Windows 8 is Microsoft’s latest Operating System and it’s vastly different in appearance and design to all the previous versions of Microsoft Windows.
When you first start to use Windows 8 you can set up new security settings to protect your computer by means of a lock screen. This gives you the choice of several ways to access your PC using a password, a pin or a series of swipes across a photo of your choice. This lock screen can even be personalised with your calendar and unread email etc.
The new Windows 8 Start Screen is full of tiles, many of which are live and provide constant updates about your social life. You can also add any recent tweets appearing on your Twitter app, quotes on your Stocks app, temperatures on your weather app, and so on.
The Tiles can be clicked to access your files, apps and programs. They can also be grouped and moved around and if you right click a tile you will see an Option Bar appear at the foot of the page with even more settings you can adjust.
The new Charms Bar gives quick access to a number of settings. You can access this by clicking or dragging a finger across the upper or lower right hand side of the screen.
Charms include Settings, Devices, Start, Share (information with others) and Search.
The Search Charm will certainly be your friend as you try to find your way around the Windows 8 interface.
Windows 8 'traditional desktop' looks and works much like the Windows 7 desktop although the aero look has been dumped for something far flatter and plainer.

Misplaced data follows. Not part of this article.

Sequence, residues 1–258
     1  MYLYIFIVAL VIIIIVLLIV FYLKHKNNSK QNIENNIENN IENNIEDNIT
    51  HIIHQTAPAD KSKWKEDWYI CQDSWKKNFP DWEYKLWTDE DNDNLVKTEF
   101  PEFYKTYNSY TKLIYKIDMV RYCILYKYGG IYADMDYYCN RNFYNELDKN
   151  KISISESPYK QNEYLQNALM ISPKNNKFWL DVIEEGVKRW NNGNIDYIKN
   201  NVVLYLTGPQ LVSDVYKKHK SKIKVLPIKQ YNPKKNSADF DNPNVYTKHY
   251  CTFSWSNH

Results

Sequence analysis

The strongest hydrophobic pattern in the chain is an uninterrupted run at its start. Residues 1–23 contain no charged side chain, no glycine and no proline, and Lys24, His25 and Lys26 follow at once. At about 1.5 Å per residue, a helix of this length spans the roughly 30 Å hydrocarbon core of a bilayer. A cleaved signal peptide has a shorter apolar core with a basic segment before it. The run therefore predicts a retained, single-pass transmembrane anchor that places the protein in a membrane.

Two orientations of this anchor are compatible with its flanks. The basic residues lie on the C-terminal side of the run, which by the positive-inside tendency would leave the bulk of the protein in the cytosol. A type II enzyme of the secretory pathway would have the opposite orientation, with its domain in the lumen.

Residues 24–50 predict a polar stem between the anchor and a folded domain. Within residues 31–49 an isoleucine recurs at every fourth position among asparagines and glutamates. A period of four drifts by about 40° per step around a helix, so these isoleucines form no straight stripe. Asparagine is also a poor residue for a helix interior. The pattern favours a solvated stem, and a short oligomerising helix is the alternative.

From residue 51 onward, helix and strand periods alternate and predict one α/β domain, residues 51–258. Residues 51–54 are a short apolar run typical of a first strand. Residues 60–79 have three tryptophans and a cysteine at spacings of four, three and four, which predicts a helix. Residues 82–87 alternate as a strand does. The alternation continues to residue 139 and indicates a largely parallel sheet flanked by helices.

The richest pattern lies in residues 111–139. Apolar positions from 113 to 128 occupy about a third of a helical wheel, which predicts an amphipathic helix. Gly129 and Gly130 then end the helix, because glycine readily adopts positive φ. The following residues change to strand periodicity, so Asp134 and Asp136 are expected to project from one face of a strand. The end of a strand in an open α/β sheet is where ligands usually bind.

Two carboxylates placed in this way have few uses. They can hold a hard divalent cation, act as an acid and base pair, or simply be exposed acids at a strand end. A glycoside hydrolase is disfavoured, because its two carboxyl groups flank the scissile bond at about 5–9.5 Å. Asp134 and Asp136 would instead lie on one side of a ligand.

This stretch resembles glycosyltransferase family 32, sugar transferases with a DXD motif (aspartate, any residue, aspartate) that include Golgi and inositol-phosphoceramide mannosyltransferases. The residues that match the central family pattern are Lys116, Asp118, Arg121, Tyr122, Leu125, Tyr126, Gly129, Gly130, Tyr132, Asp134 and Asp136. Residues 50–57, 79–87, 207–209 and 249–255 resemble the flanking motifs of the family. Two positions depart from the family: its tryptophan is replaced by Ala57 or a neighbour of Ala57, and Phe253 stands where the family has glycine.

You can access the Windows 8 Desktop by selecting the Charms Bar and clicking the Start Tile or by clicking the Desktop tile on the Windows 8 Start Screen. You can also use the Charms Bar Search Box and type in 'Desktop' or view all the Apps, as the desktop is one of them.
When you arrive at the Windows 8 Desktop you will see that the look and feel of is very familiar to what you will have used in Windows 7.
Here, you'll find the familiar Recycle Bin, Internet Explorer, File Explorer and taskbar. But you will notice that that the Start Menu is missing from the task bar at the bottom of the screen.
So for anyone that plans to use Windows 8 it will be a good idea to download a replacement Start Menu for the Desktop.
Once downloaded and installed these start menu programs (either one) can put you straight onto the Windows 8 Desktop when you start up your PC. So if you want to, you don't have to visit the tiled interface at all!
Windows 8 still has many familiar desktop tools including the Calculator, Paint, Word Pad, Notepad, Windows Media Player, Control Panel, Sticky Notes, Character Map, Sound Recorder and the Snipping Tool. And once you have your Start Menu installed and configured you'll find these desktop tools in the Start/Programs/Windows Accessories folder.
Windows 8’s Family Safety can supervise all your online activities.
To help protect your children you can set up new accounts for them and adjust the settings so you can get weekly email reports showing all their Internet activity.
You can also set up filtering to set time limits and to restrict the use of games and apps.